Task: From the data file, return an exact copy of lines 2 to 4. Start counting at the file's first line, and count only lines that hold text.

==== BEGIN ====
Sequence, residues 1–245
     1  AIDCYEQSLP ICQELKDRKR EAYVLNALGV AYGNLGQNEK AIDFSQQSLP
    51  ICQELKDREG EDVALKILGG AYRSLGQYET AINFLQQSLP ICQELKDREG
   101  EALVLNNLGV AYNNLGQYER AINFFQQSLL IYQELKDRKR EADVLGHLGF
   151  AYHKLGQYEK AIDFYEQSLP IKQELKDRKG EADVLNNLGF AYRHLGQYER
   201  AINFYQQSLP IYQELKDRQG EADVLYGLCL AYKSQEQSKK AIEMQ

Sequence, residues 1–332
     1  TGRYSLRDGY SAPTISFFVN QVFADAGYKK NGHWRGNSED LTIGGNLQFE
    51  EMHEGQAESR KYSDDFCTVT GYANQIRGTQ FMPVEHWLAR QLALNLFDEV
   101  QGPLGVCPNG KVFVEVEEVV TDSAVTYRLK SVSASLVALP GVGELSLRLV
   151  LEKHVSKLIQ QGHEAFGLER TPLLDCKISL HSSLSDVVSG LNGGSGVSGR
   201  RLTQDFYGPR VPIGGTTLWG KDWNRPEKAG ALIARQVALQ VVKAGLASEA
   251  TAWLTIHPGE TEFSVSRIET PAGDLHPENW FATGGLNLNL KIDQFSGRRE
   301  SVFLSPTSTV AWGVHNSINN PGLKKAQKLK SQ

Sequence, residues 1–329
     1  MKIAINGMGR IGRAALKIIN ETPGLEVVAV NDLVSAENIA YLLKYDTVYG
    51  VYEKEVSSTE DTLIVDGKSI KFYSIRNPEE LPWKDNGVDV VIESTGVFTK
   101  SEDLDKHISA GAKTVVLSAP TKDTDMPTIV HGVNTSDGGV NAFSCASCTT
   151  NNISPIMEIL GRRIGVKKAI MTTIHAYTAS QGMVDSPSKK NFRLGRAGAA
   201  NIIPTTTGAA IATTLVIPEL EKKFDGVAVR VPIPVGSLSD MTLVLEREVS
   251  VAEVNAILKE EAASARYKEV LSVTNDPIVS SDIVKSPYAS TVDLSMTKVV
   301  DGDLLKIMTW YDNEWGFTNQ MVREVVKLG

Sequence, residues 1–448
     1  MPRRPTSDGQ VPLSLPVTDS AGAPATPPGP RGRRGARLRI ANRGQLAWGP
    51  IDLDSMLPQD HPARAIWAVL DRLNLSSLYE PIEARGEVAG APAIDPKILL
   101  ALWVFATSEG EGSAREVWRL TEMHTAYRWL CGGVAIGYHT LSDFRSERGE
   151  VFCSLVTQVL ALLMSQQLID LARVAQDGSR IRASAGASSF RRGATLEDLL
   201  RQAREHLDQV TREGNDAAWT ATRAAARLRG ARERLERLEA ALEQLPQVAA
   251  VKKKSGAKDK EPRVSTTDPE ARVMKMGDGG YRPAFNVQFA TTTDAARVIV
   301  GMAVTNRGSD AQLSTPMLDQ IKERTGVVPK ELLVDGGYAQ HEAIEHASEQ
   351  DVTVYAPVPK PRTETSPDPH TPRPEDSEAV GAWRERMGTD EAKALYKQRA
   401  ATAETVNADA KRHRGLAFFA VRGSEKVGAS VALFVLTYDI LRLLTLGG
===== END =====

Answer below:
     1  AIDCYEQSLP ICQELKDRKR EAYVLNALGV AYGNLGQNEK AIDFSQQSLP
    51  ICQELKDREG EDVALKILGG AYRSLGQYET AINFLQQSLP ICQELKDREG
   101  EALVLNNLGV AYNNLGQYER AINFFQQSLL IYQELKDRKR EADVLGHLGF